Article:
- By Joshua Keating
Joshua Keating was an associate editor at Foreign Policy
This post was a big hit for Passport back in 2009 and seems to be getting traffic again today:
Geography Professor Thomas Gillespie of UCLA has employed a technique typically used for tracking endangered species in order to pinpoint the most likely location of the world’s most wanted terrorist. In a paper (pdf) published in the MIT International Review Gillespie describes how he used biogeographic data including bin Laden’s last known location, cultural background, security needs, declining health, limited mobility and height to create a mathematical model that he claims will show where the terror mastermind is hiding.[…]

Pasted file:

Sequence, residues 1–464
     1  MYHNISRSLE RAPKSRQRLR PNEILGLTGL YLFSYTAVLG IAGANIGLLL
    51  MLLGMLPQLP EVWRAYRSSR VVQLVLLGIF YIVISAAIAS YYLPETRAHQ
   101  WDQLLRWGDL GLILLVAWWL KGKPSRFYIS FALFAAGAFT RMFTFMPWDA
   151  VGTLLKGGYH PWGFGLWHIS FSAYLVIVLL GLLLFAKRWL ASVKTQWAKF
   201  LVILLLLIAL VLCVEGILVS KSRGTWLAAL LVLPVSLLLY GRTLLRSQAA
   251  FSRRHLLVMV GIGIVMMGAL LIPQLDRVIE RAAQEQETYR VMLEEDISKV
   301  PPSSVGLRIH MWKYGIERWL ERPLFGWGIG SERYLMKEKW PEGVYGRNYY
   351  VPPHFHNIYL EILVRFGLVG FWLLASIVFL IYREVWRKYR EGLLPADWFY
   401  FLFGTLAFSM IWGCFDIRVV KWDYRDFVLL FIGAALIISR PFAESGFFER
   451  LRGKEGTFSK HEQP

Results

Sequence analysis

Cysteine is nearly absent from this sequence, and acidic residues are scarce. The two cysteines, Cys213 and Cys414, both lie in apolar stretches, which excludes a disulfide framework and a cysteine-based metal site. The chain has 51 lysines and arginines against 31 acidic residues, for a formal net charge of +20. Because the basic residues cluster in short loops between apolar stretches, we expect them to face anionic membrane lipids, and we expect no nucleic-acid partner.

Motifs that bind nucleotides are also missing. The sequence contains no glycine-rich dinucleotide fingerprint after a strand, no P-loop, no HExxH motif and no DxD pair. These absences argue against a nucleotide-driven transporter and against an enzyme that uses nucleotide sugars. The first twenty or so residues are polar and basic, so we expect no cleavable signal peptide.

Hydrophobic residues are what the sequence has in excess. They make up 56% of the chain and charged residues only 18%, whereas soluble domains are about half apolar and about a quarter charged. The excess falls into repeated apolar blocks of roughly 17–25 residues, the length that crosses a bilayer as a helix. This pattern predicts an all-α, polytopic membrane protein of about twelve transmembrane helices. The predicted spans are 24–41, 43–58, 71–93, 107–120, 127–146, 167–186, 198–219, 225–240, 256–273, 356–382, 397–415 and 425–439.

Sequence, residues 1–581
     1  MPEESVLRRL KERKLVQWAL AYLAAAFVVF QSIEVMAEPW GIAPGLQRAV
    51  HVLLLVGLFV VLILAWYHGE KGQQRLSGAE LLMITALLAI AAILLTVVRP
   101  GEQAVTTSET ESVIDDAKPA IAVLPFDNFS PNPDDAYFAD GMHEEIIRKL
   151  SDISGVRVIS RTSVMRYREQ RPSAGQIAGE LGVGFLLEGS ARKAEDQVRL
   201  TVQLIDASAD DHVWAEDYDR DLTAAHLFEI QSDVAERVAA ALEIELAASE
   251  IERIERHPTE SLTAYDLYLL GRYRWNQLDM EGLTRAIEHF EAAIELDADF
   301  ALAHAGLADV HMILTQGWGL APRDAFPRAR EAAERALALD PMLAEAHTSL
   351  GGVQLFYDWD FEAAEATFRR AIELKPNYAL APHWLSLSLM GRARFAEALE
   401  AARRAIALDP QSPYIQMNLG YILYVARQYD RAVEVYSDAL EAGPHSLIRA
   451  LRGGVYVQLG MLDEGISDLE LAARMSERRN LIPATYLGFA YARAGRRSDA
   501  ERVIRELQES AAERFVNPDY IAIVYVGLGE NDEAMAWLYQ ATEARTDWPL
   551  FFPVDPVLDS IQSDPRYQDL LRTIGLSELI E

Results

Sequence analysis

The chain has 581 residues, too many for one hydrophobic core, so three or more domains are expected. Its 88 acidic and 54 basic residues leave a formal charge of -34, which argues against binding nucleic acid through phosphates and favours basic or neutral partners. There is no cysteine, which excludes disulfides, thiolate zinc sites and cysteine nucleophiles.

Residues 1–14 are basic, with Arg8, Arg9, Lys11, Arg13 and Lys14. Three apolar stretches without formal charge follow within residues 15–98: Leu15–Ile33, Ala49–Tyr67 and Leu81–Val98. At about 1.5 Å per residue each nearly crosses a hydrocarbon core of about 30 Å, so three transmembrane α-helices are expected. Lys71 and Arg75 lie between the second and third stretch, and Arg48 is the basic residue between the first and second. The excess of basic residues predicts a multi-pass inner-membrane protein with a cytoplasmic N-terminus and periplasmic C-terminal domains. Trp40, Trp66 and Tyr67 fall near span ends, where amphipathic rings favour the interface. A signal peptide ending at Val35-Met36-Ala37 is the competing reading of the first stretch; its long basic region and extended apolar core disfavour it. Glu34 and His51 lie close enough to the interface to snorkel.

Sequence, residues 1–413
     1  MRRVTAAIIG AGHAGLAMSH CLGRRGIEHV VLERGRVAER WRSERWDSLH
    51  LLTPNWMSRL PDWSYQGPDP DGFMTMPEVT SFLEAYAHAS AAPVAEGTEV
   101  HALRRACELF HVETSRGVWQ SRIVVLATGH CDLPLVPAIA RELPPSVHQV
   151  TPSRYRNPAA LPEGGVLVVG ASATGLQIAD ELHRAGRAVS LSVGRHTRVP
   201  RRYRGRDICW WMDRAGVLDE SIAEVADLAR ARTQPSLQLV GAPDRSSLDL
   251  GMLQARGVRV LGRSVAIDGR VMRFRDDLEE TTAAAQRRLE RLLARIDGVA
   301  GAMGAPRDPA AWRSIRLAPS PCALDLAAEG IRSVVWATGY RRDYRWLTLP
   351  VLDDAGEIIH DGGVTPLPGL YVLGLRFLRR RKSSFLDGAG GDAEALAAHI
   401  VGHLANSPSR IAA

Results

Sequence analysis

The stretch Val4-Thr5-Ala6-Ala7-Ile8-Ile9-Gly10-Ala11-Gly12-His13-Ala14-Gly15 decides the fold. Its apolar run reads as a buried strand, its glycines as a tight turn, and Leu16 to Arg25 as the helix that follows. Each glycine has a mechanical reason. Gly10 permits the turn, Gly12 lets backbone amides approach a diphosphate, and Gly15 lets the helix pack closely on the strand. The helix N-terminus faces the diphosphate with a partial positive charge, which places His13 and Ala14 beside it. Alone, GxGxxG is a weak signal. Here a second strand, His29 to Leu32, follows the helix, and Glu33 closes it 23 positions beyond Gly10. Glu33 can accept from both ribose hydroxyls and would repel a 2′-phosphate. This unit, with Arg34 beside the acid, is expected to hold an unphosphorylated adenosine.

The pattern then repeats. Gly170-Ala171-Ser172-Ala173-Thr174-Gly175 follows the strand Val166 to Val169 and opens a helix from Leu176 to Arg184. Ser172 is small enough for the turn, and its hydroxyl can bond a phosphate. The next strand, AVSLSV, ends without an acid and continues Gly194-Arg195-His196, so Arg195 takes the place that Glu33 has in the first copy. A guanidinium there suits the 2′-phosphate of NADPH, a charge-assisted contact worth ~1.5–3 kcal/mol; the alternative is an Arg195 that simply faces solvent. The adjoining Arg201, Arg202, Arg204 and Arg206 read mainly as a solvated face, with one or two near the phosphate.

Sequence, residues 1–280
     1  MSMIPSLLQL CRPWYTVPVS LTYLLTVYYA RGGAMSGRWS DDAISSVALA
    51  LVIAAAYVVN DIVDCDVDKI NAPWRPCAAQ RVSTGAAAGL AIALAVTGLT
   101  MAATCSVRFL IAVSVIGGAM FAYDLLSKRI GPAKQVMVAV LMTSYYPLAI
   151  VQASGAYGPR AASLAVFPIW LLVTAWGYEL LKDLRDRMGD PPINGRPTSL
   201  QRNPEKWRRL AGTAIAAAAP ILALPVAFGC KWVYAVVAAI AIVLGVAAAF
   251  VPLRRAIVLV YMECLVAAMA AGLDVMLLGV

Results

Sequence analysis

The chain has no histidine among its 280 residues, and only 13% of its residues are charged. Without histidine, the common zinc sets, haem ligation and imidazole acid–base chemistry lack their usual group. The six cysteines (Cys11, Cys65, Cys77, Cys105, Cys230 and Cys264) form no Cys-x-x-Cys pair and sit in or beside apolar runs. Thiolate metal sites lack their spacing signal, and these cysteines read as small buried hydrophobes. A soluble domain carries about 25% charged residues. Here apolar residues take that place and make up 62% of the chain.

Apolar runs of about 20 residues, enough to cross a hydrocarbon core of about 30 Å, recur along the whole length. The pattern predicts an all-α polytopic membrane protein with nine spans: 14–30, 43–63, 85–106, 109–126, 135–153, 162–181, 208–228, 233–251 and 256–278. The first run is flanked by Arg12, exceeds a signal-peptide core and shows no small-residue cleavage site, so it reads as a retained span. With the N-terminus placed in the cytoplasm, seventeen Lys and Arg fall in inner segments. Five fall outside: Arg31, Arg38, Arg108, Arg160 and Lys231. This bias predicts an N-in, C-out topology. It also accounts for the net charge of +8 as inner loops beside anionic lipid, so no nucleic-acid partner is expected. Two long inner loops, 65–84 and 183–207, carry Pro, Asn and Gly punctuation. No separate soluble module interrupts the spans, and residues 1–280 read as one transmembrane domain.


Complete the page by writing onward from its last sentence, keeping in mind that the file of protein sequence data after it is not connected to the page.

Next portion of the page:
More specifically, he found a 90 percent chance that bin Laden is in Kurram province in Pakistan’s Federally Administered Tribal Areas, most likely in the town of Parachinar which gave shelter to a larger number of Mujahedin during the 1980s.
Gillespie’s technique got him a lot closer than Stephonopolous and Ahmadinejad — Parachinar is about an 8-hour drive from Abottabad according to Google Maps — and it turned out he was right that bin Laden would be found, not in a cave, but in a compound that that could accommodate "security, electricity, high ceilings to accommodate his 6ft 4in frame and spare rooms for his bodyguard."
On the other hand, you didn’t exactly need biogeographic data to tell you that bin Laden was probably in Pakistan. Gillespie’s main argument is that the ailing terrorist would not have gone far from the Afghan border region, his last known location. His final home turned out to be much closer to the Kashmir side of Pakistan.